Memory of the Church

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Memorial of St. Augustine (354-430), Bishop of Hippo (today in Algeria) and a doctor of the Church

Reading of the Word of God

Alleluia, alleluia, alleluia

I am the good shepherd,
my sheep listen to my voice,
and they become
one flock and one fold.

Alleluia, alleluia, alleluia

Matthew 24, 42-51

'So stay awake, because you do not know the day when your master is coming.

You may be quite sure of this, that if the householder had known at what time of the night the burglar would come, he would have stayed awake and would not have allowed anyone to break through the wall of his house.

Therefore, you too must stand ready because the Son of man is coming at an hour you do not expect.

'Who, then, is the wise and trustworthy servant whom the master placed over his household to give them their food at the proper time?

Blessed that servant if his master's arrival finds him doing exactly that.

In truth I tell you, he will put him in charge of everything he owns.

But if the servant is dishonest and says to himself, "My master is taking his time,"

and sets about beating his fellow-servants and eating and drinking with drunkards,

his master will come on a day he does not expect and at an hour he does not know.

The master will cut him off and send him to the same fate as the hypocrites, where there will be weeping and grinding of teeth.'


Alleluia, alleluia, alleluia

I give you a new commandment,
that you love one another.

Alleluia, alleluia, alleluia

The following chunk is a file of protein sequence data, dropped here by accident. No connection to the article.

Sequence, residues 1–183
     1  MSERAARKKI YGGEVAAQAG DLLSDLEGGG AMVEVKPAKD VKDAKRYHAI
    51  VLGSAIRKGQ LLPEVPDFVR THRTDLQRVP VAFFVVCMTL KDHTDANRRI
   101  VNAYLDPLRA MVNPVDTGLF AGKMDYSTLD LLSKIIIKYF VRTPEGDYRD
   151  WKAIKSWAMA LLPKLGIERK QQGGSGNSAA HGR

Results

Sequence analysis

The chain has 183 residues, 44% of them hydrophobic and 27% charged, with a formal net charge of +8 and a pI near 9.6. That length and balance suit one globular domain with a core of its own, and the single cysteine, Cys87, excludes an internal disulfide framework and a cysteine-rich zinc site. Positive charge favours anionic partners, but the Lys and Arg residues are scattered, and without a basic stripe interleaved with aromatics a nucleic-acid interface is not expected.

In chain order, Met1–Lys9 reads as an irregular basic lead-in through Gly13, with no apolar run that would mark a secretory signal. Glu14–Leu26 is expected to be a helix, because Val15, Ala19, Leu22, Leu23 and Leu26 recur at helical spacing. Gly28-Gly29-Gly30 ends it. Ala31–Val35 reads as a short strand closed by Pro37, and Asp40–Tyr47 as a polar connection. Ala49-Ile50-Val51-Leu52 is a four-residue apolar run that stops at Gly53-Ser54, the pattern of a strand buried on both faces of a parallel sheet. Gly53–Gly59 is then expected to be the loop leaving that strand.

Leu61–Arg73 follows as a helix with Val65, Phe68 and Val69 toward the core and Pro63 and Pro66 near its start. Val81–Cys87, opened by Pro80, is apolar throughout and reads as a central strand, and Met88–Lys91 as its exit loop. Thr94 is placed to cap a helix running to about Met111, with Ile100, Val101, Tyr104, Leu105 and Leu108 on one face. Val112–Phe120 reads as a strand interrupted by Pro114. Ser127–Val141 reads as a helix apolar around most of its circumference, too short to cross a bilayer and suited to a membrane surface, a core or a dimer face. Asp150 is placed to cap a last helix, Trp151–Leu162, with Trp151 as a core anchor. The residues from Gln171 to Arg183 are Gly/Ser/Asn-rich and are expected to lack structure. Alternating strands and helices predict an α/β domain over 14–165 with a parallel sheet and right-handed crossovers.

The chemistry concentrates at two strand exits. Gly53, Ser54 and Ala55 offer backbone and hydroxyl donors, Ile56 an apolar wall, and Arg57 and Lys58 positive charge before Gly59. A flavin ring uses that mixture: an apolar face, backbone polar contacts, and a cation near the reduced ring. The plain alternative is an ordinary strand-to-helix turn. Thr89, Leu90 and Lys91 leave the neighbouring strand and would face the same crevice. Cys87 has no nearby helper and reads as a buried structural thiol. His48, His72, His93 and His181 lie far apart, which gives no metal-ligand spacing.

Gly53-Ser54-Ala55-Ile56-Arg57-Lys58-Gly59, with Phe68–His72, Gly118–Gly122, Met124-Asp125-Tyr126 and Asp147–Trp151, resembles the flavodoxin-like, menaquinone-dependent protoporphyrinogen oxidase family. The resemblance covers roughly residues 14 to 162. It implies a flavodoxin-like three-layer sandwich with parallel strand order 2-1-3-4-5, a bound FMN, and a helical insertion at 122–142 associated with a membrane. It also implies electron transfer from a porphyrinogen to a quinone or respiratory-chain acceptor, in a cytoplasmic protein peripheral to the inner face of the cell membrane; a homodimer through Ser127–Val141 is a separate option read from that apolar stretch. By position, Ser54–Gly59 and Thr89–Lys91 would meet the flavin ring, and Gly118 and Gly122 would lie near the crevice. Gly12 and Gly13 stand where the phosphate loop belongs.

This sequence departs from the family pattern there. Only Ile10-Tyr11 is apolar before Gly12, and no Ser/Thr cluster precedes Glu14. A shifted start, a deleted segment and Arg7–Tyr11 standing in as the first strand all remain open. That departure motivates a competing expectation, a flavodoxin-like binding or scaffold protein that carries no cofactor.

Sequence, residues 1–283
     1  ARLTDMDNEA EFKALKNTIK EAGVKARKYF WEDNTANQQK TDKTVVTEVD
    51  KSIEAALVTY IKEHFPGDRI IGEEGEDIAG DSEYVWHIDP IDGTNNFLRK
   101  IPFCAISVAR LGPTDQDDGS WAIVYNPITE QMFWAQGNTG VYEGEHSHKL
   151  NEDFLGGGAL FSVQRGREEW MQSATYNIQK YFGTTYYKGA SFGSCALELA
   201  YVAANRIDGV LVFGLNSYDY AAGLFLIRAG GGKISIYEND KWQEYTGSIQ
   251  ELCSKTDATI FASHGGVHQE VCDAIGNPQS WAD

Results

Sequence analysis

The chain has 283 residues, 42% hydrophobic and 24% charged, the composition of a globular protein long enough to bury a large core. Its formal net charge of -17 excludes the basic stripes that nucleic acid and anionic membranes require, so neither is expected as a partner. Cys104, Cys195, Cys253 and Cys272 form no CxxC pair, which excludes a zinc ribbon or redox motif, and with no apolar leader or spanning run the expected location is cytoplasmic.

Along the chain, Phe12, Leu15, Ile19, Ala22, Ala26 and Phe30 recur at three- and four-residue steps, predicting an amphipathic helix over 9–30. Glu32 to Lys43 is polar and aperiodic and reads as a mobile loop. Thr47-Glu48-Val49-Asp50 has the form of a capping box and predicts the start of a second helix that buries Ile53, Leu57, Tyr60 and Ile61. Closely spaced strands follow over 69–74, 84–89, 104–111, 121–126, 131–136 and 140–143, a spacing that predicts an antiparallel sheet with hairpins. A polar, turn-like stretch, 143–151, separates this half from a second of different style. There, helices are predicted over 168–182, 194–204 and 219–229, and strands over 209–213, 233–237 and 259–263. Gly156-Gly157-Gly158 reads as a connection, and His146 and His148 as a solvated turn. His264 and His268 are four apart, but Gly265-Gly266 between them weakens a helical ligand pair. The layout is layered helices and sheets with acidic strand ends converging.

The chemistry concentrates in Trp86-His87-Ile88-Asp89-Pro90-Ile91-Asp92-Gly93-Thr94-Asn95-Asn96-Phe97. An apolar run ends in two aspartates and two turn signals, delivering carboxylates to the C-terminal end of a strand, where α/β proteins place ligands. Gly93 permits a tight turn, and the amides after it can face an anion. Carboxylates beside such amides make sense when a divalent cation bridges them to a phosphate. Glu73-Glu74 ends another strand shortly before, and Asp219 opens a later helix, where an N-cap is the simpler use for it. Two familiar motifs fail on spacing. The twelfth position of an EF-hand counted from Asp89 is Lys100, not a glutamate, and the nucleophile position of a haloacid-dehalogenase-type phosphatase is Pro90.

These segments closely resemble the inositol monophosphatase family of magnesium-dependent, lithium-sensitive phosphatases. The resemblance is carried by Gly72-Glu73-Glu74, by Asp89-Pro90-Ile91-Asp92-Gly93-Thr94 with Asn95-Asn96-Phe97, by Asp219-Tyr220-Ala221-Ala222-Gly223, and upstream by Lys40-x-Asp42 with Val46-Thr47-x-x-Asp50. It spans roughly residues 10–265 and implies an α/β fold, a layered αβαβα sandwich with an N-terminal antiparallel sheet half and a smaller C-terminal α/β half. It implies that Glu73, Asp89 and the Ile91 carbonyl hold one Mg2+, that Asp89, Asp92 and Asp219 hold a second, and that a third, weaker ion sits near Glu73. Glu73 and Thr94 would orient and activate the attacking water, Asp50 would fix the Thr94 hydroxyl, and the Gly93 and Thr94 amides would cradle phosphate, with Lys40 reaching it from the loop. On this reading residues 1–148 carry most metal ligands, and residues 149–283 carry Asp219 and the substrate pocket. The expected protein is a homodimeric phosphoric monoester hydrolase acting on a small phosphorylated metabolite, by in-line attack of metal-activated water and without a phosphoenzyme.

The Gospel of Matthew which has accompanied us during this time will end next Saturday. The passages of the next three days centre on Jesus’ speech on the last days. Jesus warns us that we know neither the day nor the hour of the events of the end. What is asked of us is to stay awake. It is like a mission that the Lord entrusts to all believers. To explain it Jesus uses the parable of vigilance and says that each disciple receives a mission to accomplish. This mission is not given for serving or fulfilling ourselves, but rather for the growth of the community of believers. It is good to remember that the Lord does not save us individually but rather, as gathered in a family, a people. It is also in this sense that the parable should be understood for Jesus speaks of the task of supervising the servants in order to provide for their maintenance. Gospel vigilance is not simply an empty waiting, nor does it mean taking care just of ourselves. The vigilance Jesus speaks of is the attentive and fruitful fidelity to the vocation entrusted by the Lord to care for the whole house, to avoid behaving like a master, growing in laziness and shirking of responsibilities. No matter what job each believer may have in the house, he/she is responsible of all the others. And this is the true happiness of the disciple, his true fulfilment, as Jesus says, “Blessed is that slave whom his master will find at work when he arrives!” Unfortunately egocentrism very easily prevails, leading to our worry about ourselves and our possessions, and distracting us from the vocation that the Lord has given us. This Gospel teaching puts us on guard against religious individualism which has infiltrated the mind of so many believers and which lessens the core of the Gospel’s message, and thus renders the community less strong. An individualistic Christianity favours quarrels, misunderstanding, oppression and jealousies, condemning us to the sadness and dissatisfaction of which the Gospel speaks. Blessed are we if, in our heart, we welcome the vigilance of love so that we are all are welcomed, cared for and defended.